The graphic shows how Costa received the ball outside the box, particularly near the right, before trying short passes to nearby teammates.

Swansea wingers forced to defend

For Swansea, their defensive structure affected their ability to counter-attack. The lonely Llorente had to battle three centre-backs and relied on quick support when trying to hold the ball up. Some was offered by the central midfielders, but the chief attacking outlets always had to be Sigurdsson and Routledge.

Yet both were often preoccupied with Moses and Alonso. Swansea pressed high only occasionally, and largely waited inside their own half, which drew the wide men into deep positions. On 11 minutes, Sigurdsson had retreated all the way into his own box to stop Costa, while on another occasion, Routledge could be seen slogging away near his own touchline to repel Alonso. This led Sigurdsson and Routledge to play the lowest number of passes among the 22 players that started the game.

That said, set-pieces were another matter. Sigurdsson swung in a corner that Federico Fernandez should have directed at goal, whipped in the free kick nodded home by Llorente, and tested Thibaut Courtois with an effort in the second half. He also triggered a penalty shout, but otherwise there was little threat from open play.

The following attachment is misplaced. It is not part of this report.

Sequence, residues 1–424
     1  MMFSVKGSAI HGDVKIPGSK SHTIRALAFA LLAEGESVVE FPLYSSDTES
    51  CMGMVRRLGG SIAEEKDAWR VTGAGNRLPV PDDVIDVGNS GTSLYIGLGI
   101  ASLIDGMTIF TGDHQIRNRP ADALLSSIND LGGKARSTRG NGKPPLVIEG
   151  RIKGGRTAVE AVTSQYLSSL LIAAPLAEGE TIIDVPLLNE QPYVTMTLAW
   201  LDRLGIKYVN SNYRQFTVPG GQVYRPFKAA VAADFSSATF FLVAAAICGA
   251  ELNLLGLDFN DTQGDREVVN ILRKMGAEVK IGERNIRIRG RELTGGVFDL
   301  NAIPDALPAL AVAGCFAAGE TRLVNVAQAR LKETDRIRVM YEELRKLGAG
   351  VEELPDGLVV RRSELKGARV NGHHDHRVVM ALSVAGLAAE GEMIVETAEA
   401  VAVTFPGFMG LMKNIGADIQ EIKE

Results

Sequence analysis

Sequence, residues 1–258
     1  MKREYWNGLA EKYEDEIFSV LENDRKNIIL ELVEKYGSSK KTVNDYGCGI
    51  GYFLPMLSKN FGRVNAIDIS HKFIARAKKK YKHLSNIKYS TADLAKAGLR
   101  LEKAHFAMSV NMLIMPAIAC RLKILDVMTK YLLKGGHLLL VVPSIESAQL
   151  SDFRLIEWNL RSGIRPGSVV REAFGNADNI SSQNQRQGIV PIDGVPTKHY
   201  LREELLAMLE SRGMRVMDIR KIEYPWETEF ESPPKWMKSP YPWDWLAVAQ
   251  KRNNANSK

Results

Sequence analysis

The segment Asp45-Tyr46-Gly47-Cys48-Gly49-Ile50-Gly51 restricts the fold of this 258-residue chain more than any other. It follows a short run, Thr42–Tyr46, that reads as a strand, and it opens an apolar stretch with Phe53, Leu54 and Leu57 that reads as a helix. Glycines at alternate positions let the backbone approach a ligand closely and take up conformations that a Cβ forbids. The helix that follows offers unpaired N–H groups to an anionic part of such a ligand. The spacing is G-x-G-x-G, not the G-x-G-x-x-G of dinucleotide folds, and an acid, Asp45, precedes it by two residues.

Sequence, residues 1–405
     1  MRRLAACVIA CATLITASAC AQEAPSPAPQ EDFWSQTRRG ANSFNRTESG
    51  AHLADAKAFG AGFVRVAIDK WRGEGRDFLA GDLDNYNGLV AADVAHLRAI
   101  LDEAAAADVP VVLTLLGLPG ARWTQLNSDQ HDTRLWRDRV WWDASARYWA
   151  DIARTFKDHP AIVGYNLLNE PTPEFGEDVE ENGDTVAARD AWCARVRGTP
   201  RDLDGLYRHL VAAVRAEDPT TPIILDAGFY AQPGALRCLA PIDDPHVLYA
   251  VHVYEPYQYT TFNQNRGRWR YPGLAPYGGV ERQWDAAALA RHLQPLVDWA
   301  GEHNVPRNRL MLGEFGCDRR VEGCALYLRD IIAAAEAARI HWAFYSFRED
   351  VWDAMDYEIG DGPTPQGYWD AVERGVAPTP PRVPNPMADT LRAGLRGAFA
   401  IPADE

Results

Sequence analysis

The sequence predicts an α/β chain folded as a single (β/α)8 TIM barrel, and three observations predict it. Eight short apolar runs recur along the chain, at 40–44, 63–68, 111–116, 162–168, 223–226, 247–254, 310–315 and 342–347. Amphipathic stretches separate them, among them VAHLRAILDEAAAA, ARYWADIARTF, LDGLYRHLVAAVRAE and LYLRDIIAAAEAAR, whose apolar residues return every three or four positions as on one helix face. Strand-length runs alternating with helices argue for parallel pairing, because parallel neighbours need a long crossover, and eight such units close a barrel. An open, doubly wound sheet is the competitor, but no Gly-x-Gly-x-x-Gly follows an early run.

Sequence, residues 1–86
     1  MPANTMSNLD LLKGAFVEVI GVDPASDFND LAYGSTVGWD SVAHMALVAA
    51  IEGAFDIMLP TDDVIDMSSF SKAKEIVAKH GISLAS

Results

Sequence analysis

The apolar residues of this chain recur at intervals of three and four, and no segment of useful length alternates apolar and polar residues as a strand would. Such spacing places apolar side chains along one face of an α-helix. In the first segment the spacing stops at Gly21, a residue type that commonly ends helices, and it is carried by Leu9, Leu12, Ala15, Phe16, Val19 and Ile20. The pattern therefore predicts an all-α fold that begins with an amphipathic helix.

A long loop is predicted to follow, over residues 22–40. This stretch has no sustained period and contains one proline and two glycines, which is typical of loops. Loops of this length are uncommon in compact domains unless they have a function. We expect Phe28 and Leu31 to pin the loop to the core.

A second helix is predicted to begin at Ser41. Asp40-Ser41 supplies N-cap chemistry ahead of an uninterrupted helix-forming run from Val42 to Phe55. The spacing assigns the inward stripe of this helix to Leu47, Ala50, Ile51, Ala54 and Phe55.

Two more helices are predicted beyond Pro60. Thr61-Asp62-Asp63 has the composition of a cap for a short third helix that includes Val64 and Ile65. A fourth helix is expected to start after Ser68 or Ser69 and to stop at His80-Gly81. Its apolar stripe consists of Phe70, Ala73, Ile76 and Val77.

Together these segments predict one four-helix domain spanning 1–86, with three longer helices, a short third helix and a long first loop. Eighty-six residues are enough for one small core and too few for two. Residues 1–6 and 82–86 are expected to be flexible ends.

Fabregas creates and finishes

The opposite was true for Fabregas, who pulled the strings throughout. Helped by Azpilicueta, he kept feeding Costa (see the pass combination in the graphic), but also found Hazard and Pedro in spaces between the lines slightly out wide. Hazard drew a dangerous foul in this manner in the first half, while Pedro used the same pattern to turn inside and fire beyond Lukasz Fabianski for 2-1. On another occasion, just after the interval, Fabregas set up Hazard who drew a fine stop.

Fabregas would also look to finish attacks. Given that his passes near the box often started moves, he was usually at hand to finish them too. He did so for Hazard's early cutback as well as the first goal, plus another low ball from Hazard early in the second half, which he smacked into the crossbar. By the end, Fabregas had fired off five shots -- more than any other player.

Conte counters Clement changes

As the final whistle neared, Clement applied more direct tactics, and target man Llorente took on a more important role. With 14 minutes left Jordan Ayew replaced Tom Carroll to play on the left wing, pushing Sigurdsson infield, while Luciano Narsingh later came on for Routledge. Swansea were now using a direct 4-2-3-1.

But it paid no dividends. Conte had already replaced Pedro with Nemanja Matic to beef up the central midfield zone, and Chelsea now guarded their own box while countering through Hazard and Costa. The duo combined to make it 3-1, and while Sigurdsson did have a free kick effort, Swansea rarely threatened in the final third.

That hardly detracted from what was a decent away display, but on this occasion it did not prove quite enough.